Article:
After Dreamhost's post that shared hosting with Rails is too difficult to implement, and DHH stated that he (mostly) agrees</a>, Peter Cooper of RubyInside suggested that we need a mod_ruby. Now I’m going to chime in with a few thoughts of my own.
First, shared hosting of Rails apps is entirely possible with the tools that exist today. The proof: Heroku is doing it. Of course we’re not much like a traditional shared host, and in fact we try to avoid calling ourselves “hosting” at all. But hosting is certainly a substantial part of the service we’ve created, and in terms of implementation, our free accounts are set up in what is basically a shared hosting environment.
How have we managed to accomplish this, especially given that Heroku as a product is less than six months old? First, there’s the matter of focus. We’re hosting Ruby, and Ruby on Rails, only. Being focused allows us to tailor the infrastructure to that setup exactly.
Second, Heroku is opinionated software. Even just saying “Ruby on Rails” only tells you two components of the stack. RoR can run on different operating systems, different databases, and be fronted by different webservers. When you put your app on Heroku, you don’t get a choice of operating system, webserver, or database. Instead, we make those choices to create a unified stack that we can verify works together flawlessly. The idea is that individual app developers need not waste time making these decisions, and instead can dive straight in to the part that matters: coding their app.
You could compare this approach to an Apple computer vs. a PC built from OEM parts. An Apple has all the parts preselected and verified to work together, from the network chipset right up to the operating system and all the software that comes with it. Building a PC from parts, one has many choices to make, and sometimes the choices will be incompatible with each other. For DIY-types, building your own system can be a lot of fun, or let you build unusual configurations to fit specific needs, like creating you own MythTV box. Heck, I’ve built dozens of PCs, mostly servers, over the years. But if you’re not looking for DIY fun, and you just want a computer that works as quickly and easily as possible, the Apple approach is clearly the better one.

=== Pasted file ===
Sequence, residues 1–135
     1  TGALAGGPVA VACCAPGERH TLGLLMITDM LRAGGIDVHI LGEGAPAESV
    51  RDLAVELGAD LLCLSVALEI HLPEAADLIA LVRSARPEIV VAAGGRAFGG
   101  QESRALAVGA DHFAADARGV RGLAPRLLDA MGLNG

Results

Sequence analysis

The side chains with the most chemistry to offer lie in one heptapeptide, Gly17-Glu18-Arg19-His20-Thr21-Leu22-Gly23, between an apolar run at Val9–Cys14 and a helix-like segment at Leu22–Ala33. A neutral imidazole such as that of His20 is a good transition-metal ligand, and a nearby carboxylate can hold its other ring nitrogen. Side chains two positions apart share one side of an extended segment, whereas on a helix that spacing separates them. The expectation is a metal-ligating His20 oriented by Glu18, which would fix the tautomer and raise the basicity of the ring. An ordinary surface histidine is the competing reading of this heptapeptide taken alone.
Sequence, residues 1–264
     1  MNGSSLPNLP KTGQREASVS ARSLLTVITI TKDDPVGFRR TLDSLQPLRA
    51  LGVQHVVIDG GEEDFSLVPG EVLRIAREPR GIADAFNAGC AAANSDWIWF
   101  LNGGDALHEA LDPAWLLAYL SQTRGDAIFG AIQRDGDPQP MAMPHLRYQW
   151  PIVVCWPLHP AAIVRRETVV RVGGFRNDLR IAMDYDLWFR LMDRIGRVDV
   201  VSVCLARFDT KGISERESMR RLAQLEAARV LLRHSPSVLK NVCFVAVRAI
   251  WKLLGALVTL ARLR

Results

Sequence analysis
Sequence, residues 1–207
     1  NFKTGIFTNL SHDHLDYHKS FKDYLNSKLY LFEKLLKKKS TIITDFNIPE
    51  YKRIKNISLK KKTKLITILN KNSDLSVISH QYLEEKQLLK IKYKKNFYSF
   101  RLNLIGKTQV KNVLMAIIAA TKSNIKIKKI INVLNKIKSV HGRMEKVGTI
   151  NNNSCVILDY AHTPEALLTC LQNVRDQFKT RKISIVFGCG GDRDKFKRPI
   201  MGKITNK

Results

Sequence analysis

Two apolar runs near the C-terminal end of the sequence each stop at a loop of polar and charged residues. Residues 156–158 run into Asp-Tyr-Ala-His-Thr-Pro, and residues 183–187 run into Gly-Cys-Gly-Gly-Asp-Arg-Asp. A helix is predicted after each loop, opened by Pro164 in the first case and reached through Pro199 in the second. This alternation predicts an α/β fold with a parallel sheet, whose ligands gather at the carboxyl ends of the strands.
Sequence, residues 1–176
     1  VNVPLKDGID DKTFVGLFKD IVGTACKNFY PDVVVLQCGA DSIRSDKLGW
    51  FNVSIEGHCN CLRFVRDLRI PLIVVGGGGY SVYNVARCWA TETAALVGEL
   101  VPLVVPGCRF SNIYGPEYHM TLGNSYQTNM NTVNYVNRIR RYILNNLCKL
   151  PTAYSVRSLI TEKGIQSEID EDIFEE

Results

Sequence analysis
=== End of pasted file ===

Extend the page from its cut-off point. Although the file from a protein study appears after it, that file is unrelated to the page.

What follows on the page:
Finally, I’d like to say that mod_ruby is probably not the right path for the Ruby world. It did work extremely well for Perl and PHP, true; but Ruby frameworks are different. (Mainly because, well, they are frameworks, not just a language. mod_ruby would probably be fine if people wanted to write raw Ruby scripts to generate HTML directly.) Perhaps mod_sinatra or mod_camping would be more appropriate. Still, it seems to me that Apache is probably near the end of its lifecycle, so investing time and energy in developing modules for it does not seem terribly worthwhile to me.
Perhaps the message here is not that we actually need a mod_ruby, but rather that we need a component that solves the same problem that mod_perl or mod_php did: drawing together several components in the toolchain to make the infrastructure easier to deploy. My personal feeling here is that something that makes use of the growing availability of virtual hosting is a better choice than trying to pursue the shared hosting model so popular in the era of PHP. Smarticus suggests that Rails users favor VPS hosts for deployment, and I wholeheartedly agree with that. But further, perhaps the equivalent of mod_php for the Ruby world is going to be some sort of tool that makes it easy to stamp out prebuilt VPS instances. EC2onRails seems to be one possibility (I haven’t used it myself). I’d suggest to others looking to solve this problem that VPS hosting is going to be the key to creating a mod_ruby-alike solution for the Ruby world.